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dc.contributor.authorRivas, Marcela Gonzalez
dc.date.accessioned2017-12-12T16:55:40Z
dc.date.available2017-12-12T16:55:40Z
dc.date.issued2009-07
dc.identifier.urihttps://hdl.handle.net/1813/55045
dc.description.abstractThis paper studies the southern state of Chiapas in the context of Mexico’s regional inequality, and particularly examines the effects of Mexico's trade policy. The paper shows that Chiapas is one of a group of southern states that have consistently performed worse than other states from 1940 to 2000, even during periods when regional inequality has improved. The paper demonstrates that Mexico’s trade policies have affected states differently, depending on their endowments of infrastructure. This partly explains why Chiapas and its neighbors – states with exceptionally low values of infrastructure – consistently performed worse than other states over the entire time period, and particularly poorly in the open trade regime. Finally, the paper argues that these low levels of infrastructure have deep historical roots in the government policies implemented during the 20th century. I conclude that it is unlikely that the south will catch up without policies specifically addressing this infrastructure gap.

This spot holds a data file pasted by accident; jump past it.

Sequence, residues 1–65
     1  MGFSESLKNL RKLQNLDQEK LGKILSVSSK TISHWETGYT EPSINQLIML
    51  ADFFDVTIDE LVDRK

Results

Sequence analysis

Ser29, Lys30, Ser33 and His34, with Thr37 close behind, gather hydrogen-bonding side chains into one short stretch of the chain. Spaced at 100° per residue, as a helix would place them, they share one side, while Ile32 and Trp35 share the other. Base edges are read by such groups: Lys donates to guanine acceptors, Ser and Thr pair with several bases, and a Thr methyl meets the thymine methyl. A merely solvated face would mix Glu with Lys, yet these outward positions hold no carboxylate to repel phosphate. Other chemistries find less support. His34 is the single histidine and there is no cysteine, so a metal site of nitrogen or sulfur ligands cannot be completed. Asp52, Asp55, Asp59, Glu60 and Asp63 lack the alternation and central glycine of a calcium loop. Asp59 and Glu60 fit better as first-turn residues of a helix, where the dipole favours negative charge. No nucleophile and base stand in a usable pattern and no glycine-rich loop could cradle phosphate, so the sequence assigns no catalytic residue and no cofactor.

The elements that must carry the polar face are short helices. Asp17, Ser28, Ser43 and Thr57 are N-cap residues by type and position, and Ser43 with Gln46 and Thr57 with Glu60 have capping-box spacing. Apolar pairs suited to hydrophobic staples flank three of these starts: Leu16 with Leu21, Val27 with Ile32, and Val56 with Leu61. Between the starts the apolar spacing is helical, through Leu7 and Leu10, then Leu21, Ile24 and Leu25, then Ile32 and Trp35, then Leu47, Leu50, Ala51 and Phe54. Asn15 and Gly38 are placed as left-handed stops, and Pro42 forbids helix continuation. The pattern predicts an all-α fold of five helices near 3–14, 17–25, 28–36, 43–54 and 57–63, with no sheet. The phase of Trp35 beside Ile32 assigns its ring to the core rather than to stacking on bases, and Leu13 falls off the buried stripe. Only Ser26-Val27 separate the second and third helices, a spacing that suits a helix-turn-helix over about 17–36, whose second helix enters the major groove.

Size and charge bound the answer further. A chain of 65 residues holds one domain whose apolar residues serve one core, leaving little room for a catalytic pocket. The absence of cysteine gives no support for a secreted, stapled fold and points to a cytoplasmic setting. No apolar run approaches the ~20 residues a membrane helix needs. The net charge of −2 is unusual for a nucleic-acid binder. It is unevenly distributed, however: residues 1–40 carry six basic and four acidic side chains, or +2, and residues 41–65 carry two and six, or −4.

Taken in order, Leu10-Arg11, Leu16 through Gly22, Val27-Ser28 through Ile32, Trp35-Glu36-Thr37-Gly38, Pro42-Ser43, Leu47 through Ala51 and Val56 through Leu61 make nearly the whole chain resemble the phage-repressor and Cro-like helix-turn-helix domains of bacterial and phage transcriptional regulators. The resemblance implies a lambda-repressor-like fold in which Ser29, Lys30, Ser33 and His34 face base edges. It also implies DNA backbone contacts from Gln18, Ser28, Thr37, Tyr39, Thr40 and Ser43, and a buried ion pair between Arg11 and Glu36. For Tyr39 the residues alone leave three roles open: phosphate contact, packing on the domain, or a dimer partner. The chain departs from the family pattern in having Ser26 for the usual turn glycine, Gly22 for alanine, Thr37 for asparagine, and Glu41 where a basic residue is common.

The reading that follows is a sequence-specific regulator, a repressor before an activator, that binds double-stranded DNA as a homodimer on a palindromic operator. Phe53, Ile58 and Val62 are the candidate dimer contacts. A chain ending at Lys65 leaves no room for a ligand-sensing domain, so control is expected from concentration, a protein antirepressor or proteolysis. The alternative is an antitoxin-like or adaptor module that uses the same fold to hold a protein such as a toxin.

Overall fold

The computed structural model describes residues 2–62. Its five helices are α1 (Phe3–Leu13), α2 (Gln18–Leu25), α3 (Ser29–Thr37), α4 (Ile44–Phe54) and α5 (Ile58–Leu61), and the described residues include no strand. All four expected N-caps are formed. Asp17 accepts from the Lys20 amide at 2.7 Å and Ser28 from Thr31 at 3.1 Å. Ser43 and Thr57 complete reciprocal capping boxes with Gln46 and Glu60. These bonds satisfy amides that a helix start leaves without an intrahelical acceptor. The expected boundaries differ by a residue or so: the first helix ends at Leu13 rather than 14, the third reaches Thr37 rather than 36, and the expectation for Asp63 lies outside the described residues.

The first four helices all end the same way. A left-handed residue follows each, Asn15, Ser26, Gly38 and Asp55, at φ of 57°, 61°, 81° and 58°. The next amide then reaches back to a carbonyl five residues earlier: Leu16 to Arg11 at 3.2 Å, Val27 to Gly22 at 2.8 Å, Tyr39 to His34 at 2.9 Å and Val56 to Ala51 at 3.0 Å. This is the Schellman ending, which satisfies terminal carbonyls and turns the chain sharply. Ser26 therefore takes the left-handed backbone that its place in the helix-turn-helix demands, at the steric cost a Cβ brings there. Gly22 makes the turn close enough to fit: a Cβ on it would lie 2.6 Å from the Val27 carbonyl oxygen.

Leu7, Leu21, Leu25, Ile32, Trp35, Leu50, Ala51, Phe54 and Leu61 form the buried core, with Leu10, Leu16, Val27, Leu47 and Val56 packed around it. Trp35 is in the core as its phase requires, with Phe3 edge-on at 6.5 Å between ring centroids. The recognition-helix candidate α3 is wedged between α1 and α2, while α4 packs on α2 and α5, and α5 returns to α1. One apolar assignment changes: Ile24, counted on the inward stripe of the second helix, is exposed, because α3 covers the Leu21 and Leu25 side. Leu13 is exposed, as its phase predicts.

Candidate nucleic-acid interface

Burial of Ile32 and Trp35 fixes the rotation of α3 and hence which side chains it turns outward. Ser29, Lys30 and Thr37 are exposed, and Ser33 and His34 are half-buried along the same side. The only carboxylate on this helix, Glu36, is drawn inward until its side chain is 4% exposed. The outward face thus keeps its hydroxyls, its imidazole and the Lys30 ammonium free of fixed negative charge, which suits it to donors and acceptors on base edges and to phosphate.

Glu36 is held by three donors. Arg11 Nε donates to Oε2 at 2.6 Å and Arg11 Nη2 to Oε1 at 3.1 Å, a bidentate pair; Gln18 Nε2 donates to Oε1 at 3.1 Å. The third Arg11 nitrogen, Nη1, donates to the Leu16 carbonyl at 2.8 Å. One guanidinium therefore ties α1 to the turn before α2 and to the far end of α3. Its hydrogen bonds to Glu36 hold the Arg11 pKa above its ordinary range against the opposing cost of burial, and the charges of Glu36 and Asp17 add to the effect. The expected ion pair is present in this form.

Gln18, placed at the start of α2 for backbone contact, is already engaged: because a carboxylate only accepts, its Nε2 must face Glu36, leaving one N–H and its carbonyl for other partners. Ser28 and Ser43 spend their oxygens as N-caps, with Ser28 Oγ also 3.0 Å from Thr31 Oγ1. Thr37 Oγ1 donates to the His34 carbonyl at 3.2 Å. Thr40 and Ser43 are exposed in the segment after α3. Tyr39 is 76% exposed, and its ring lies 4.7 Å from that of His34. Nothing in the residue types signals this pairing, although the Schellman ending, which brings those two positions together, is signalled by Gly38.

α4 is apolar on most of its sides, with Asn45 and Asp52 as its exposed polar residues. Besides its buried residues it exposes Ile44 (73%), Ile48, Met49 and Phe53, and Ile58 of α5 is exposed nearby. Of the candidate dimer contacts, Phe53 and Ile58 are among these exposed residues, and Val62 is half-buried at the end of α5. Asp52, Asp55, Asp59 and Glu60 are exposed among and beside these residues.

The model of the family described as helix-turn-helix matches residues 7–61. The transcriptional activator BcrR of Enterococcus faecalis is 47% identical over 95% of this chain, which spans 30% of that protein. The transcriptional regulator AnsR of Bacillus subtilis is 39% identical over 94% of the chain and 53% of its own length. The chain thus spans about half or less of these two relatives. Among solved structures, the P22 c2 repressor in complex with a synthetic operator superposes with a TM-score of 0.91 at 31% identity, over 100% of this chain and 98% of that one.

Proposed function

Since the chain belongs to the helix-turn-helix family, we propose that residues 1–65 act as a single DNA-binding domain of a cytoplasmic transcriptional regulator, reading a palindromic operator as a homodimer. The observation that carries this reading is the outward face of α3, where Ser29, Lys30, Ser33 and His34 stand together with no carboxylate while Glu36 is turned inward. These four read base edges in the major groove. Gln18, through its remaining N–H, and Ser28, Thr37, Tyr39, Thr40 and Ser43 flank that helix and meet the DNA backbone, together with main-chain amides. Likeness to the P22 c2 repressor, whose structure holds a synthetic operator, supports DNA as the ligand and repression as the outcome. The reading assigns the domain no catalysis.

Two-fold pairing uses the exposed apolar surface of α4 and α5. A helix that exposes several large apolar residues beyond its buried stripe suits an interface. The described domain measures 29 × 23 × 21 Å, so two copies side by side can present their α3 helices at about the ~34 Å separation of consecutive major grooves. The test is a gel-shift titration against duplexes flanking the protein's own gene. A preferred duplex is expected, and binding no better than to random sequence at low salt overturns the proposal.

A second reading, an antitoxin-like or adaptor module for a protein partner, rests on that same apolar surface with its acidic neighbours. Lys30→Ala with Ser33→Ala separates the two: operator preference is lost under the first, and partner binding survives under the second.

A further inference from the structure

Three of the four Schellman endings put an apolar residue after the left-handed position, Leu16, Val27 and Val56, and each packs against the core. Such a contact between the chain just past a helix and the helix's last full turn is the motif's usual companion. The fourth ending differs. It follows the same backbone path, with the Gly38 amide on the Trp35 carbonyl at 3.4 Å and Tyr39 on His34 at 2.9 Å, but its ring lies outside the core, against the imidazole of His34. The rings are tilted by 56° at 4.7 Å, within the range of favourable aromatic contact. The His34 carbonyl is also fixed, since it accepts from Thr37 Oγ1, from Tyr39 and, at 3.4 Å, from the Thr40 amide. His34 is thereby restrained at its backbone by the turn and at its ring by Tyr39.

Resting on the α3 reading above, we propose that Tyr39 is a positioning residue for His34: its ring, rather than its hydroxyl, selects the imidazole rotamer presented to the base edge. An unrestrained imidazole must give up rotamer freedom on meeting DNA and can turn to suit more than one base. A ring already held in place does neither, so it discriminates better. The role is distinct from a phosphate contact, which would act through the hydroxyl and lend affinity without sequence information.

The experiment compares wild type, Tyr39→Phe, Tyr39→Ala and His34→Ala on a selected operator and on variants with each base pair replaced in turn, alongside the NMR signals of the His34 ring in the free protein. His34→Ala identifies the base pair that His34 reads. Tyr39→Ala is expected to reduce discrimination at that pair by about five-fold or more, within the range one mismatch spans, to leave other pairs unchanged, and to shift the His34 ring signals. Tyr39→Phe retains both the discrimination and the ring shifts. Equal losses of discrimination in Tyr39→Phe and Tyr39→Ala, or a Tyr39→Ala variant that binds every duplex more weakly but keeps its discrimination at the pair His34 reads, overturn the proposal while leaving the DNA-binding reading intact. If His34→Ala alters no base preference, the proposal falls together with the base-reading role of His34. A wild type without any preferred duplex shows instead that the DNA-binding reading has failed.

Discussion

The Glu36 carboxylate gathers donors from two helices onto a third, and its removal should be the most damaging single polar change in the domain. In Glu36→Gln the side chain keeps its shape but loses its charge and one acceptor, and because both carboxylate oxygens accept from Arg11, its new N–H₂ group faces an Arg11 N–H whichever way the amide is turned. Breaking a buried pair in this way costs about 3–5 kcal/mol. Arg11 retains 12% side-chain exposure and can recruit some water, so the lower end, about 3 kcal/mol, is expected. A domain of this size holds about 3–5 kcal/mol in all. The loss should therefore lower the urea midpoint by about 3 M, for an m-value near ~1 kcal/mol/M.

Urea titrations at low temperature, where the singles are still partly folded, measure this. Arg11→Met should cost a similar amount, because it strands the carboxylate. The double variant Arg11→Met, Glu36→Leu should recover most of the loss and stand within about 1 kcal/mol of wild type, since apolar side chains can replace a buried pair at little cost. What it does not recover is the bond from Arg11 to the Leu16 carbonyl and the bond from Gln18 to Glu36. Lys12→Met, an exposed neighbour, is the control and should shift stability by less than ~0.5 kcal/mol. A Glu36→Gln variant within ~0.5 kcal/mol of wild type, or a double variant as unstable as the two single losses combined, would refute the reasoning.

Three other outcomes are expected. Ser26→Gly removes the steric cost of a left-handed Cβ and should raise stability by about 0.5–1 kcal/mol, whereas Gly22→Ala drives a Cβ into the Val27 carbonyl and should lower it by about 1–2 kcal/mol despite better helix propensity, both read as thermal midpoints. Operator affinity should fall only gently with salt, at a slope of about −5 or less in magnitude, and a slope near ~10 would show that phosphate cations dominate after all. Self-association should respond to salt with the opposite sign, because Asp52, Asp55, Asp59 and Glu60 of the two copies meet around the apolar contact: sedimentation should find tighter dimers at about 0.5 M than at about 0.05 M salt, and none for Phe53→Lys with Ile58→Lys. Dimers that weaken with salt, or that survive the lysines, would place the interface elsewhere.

dc.language.isoen_US
dc.publisherMario Einaudi Center for International Studies
dc.subjectChiapas
dc.subjectMexico
dc.subjectLatin America
dc.subjectRegional Inequality
dc.subjectTrade Policy
dc.subjectInfrastructure Endowment
dc.titleChiapas, the South, and Mexico’s Regional Inequality in the Context of Trade Openness
dc.typereport


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